I've mentioned before that I love footnotes? And dreams? Then let's just dive into a post about a wonderful footnote from Adam Sisman's The Friendship: Wordsworth and Coleridge.
The footnoted scene occurs in 1796, when the young Coleridge was touring the countryside to drum up subscriptions for a new political and literary periodical, of which he was to be the editor (to the surprise and dismay of his friends, who doubted his reliability: "Of all men, Mr Coleridge was the least qualified to display periodical industry," laments his friend and publisher Joseph Cottle (which makes me picture Coleridge as one of those bloggers who gives up after half a dozen posts)). Having been invited to the house of a dissenting minister for an evening of friendly conversation, he made the mistake of smoking some opium beforehand,
which left him feeling so ill that on arriving at the minister's house pale and sweating profusely, he sank back on the sofa in a sort of swoon. At length "he awoke from insensibility" and looked around the room, blinking in the light of the candles that had been lit in the interim. One of the gentlemen present asked him if he had read a newspaper that day. "Sir," he replied, rubbing his eyes, "I am far from convinced that a Christian is permitted to read either newspapers or any other works of merely political and temporary interest." The ludicrous incongruity of this remark produced a general burst of laughter, and during the remainder of the evening those present joined in attempting to convince Coleridge "in the most friendly and yet most flattering expressions that the employment was neither fit for me, nor I fit for the employment."To this scene, entertaining enough in itself, Sisman appends the following:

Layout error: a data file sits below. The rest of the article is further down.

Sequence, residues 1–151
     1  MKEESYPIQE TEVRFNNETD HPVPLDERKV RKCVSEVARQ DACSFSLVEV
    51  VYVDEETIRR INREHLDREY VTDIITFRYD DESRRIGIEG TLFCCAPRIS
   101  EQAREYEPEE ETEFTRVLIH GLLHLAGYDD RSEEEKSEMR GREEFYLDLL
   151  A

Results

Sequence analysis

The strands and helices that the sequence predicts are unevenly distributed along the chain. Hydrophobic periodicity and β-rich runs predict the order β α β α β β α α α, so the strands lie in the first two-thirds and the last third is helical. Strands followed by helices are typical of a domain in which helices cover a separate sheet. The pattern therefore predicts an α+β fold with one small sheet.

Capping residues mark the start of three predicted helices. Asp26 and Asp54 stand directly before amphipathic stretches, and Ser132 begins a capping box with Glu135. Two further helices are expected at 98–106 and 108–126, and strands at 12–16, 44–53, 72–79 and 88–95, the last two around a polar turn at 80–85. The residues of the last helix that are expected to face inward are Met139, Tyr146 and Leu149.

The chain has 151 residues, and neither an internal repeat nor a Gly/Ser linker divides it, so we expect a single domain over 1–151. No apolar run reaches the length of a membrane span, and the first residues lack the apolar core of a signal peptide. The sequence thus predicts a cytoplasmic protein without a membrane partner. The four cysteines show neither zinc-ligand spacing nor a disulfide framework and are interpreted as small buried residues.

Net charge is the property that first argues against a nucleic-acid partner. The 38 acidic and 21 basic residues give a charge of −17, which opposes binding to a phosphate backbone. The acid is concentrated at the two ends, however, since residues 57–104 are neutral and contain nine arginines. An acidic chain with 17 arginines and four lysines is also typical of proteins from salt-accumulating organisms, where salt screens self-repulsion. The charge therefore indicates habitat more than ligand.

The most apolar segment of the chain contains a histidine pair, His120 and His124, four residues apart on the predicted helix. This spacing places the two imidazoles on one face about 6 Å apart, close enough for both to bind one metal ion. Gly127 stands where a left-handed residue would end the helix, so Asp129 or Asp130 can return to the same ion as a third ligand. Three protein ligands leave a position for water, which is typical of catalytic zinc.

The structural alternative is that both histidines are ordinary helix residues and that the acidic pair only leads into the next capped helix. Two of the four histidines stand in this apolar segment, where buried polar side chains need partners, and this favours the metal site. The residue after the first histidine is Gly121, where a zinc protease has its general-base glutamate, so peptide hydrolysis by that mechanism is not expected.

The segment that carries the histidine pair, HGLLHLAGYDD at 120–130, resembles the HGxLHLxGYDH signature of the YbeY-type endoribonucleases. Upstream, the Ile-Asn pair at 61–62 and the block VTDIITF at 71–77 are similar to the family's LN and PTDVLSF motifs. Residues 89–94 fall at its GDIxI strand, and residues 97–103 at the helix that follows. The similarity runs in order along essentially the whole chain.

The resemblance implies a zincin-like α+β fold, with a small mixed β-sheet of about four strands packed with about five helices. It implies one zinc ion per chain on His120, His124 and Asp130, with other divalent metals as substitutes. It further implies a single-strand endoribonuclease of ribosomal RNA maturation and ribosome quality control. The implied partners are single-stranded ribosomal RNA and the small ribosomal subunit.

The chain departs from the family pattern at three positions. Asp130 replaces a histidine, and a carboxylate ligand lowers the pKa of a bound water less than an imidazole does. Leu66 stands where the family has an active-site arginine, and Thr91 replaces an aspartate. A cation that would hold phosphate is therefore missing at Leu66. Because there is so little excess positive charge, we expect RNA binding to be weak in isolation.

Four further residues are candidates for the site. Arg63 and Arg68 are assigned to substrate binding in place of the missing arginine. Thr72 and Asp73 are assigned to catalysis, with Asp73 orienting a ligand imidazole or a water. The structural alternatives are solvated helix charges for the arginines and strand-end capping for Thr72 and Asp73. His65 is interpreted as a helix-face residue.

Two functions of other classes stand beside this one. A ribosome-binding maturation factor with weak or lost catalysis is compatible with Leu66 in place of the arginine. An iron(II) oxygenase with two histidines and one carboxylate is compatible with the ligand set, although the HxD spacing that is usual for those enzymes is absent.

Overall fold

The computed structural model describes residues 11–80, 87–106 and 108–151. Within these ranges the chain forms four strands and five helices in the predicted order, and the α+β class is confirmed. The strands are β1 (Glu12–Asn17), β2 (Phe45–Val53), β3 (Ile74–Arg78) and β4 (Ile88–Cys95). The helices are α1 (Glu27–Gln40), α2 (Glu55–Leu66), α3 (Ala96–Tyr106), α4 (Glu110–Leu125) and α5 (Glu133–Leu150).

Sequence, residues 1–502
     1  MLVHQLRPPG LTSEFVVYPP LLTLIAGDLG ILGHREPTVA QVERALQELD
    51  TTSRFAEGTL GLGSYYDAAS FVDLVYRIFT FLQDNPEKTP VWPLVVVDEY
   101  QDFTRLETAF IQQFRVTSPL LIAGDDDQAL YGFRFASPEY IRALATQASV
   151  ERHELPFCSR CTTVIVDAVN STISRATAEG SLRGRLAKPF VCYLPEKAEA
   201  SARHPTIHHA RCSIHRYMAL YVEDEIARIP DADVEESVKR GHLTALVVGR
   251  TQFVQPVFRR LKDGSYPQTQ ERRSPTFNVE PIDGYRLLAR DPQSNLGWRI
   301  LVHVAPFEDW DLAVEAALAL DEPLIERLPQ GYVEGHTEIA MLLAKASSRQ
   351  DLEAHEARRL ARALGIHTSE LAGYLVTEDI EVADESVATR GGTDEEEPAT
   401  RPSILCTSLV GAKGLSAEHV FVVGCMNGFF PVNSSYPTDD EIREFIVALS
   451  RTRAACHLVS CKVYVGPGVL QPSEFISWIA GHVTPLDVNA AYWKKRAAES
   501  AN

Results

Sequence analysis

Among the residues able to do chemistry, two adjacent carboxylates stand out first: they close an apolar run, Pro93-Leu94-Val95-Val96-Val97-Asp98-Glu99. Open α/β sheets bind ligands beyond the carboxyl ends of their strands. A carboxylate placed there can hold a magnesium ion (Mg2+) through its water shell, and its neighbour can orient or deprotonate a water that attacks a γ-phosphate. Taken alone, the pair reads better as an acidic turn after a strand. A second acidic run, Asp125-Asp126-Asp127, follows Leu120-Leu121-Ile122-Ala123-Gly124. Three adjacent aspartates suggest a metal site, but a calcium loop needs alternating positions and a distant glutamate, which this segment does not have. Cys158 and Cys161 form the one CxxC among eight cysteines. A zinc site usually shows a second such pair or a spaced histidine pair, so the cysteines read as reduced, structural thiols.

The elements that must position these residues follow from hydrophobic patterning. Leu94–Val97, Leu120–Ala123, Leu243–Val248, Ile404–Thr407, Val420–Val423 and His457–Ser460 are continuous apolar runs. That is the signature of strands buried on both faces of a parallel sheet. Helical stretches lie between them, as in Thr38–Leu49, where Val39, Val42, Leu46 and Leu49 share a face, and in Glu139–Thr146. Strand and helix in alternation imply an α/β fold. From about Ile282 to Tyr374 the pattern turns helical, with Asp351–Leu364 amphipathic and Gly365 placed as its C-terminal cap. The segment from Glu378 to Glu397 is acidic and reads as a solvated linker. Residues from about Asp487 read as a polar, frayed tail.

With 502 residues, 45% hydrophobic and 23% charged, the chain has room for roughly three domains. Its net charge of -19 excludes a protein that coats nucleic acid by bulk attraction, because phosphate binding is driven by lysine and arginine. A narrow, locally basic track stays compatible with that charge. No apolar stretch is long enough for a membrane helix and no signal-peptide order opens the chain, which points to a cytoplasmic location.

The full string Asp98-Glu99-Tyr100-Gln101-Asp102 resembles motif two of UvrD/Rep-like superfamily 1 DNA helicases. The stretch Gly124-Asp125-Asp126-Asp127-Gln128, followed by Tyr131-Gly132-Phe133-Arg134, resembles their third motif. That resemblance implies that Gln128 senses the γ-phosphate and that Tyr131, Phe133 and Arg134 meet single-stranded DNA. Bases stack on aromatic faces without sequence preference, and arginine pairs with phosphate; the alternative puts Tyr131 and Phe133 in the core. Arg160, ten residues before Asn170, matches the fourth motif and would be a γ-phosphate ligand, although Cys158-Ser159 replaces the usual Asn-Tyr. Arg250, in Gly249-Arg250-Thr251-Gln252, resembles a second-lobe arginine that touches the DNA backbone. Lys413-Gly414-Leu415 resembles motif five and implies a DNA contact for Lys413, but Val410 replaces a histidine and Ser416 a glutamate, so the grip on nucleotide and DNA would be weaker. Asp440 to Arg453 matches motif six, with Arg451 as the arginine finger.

Hazlitt (who of course was not present) gives another account of what seems to have been the same occasion, in which Coleridge awoke on a sofa and then "launched into a three hours' description of the third heaven, of which he had had a dream."Now, though I am one of those people who unquestionably takes pleasure in recounting his dreams, I do think I would have the good sense to stop well before I'd entered the third hour--though I suppose my friends are welcome to set me straight in the comments, if they see fit.
But, then again, I suppose I've never dreamed Kubla Khan, either, have I? Three hours of confusion and banality here and there in exchange for such a poem isn't that much to ask, no?